6 When they arrived, Samuel took one look at Eliab and thought, “Here he is! God’s anointed!”

7 But God told Samuel, “Looks aren’t everything. Don’t be impressed with his looks and stature. I’ve already eliminated him. God judges persons differently than humans do. Men and women look at the face; God looks into the heart.”

8 Jesse then called up Abinadab and presented him to Samuel. Samuel said, “This man isn’t God’s choice either.”

9 Next Jesse presented Shammah. Samuel said, “No, this man isn’t either.”

10 Jesse presented his seven sons to Samuel. Samuel was blunt with Jesse, “God hasn’t chosen any of these.”

11 Then he asked Jesse, “Is this it? Are there no more sons?”

“Well, yes, there’s the runt. But he’s out tending the sheep.”

Samuel ordered Jesse, “Go get him. We’re not moving from this spot until he’s here.”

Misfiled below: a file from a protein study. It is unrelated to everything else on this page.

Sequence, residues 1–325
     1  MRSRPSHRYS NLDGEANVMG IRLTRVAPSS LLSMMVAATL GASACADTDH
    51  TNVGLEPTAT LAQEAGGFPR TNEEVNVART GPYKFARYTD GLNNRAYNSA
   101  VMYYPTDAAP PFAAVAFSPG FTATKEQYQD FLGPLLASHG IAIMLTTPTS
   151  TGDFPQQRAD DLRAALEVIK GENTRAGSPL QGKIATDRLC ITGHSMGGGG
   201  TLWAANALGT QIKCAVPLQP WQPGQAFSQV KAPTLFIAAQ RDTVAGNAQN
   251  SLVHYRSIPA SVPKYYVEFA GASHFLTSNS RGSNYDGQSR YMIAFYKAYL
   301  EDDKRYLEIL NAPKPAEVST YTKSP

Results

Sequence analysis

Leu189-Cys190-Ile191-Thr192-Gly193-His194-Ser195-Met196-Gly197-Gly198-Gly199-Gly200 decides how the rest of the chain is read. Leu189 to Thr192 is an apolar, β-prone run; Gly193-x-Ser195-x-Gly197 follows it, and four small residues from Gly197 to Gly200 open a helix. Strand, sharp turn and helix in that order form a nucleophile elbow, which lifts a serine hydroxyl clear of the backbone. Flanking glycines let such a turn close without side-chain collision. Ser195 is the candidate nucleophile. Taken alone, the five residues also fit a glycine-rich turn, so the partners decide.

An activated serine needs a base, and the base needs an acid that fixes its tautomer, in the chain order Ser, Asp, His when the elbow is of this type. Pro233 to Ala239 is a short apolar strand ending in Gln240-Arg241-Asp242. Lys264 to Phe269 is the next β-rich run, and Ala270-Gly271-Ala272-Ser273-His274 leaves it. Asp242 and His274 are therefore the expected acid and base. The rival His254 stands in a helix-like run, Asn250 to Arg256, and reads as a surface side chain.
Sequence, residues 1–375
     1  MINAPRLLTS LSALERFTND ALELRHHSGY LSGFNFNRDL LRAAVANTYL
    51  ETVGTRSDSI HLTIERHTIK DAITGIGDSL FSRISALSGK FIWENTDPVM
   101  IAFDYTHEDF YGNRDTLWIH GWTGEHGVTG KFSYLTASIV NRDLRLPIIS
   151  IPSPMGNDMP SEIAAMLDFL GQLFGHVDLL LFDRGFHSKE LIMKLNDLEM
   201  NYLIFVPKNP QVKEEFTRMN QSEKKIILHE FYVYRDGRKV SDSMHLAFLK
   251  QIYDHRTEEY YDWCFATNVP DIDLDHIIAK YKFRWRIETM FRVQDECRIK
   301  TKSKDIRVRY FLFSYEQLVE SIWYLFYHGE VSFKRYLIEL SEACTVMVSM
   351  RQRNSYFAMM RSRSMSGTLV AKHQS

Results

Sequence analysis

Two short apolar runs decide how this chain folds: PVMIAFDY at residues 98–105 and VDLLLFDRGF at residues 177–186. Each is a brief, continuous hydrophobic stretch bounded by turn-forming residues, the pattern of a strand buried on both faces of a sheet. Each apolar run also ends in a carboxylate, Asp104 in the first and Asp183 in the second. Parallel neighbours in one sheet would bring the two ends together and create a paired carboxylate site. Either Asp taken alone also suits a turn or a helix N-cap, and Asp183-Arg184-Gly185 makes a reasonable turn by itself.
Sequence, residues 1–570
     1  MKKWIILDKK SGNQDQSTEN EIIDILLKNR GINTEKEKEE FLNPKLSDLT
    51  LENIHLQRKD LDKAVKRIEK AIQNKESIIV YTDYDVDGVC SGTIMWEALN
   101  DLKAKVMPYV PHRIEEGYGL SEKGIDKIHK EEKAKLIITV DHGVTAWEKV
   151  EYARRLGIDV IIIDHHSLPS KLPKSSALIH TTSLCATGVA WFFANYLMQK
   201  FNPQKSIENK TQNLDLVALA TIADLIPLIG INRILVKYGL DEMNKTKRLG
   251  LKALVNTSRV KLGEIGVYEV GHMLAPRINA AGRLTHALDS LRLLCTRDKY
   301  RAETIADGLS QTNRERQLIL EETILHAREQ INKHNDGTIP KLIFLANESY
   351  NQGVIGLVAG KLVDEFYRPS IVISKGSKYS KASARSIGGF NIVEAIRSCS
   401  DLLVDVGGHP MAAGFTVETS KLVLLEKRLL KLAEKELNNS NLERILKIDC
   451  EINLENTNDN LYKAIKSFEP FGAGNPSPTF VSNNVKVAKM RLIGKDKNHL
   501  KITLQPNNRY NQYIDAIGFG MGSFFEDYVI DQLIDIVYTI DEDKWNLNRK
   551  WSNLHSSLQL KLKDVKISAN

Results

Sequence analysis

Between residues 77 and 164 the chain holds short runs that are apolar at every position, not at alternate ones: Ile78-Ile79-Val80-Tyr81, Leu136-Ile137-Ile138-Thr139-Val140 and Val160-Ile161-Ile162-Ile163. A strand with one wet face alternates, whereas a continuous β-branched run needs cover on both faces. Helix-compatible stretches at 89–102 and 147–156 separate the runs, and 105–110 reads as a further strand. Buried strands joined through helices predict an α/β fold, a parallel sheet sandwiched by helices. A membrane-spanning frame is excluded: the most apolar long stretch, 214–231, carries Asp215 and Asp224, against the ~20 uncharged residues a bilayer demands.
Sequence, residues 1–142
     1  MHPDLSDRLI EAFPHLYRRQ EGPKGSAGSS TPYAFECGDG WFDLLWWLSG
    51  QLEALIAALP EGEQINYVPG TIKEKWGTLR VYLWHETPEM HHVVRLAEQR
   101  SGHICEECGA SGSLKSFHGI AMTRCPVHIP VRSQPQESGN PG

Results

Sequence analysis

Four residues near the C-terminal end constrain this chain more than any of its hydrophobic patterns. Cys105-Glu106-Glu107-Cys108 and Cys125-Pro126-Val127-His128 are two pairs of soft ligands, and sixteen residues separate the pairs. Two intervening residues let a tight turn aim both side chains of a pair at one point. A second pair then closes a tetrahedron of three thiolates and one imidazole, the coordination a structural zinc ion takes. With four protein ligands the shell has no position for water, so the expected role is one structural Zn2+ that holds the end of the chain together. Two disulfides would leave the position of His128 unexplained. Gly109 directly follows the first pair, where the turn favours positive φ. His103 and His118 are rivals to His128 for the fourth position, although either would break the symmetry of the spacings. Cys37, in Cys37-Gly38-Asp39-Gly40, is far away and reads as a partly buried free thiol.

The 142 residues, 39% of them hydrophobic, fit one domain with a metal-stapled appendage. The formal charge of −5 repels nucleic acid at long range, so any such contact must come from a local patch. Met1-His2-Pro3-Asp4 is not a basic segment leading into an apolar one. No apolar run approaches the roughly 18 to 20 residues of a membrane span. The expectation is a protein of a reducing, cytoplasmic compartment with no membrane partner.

12 Jesse sent for him. He was brought in, the very picture of health— bright-eyed, good-looking.

God said, “Up on your feet! Anoint him! This is the one.”

13 Samuel took his flask of oil and anointed him, with his brothers standing around watching. The Spirit of God entered David like a rush of wind, God vitally empowering him for the rest of his life.

Samuel left and went home to Ramah.

The Message (MSG)Copyright © 1993, 1994, 1995, 1996, 2000, 2001, 2002 by Eugene H. Peterson

Psalm 23
A David Psalm
1-3 God, my shepherd! I don’t need a thing.
You have bedded me down in lush meadows,
you find me quiet pools to drink from.
True to your word,
you let me catch my breath
and send me in the right direction.

4 Even when the way goes through
Death Valley,
I’m not afraid
when you walk at my side.
Your trusty shepherd’s crook
makes me feel secure.

5 You serve me a six-course dinner
right in front of my enemies.
You revive my drooping head;
my cup brims with blessing.

6 Your beauty and love chase after me
every day of my life.
I’m back home in the house of God
for the rest of my life.

The Message (MSG) Copyright © 1993, 1994, 1995, 1996, 2000, 2001, 2002 by Eugene H. Peterson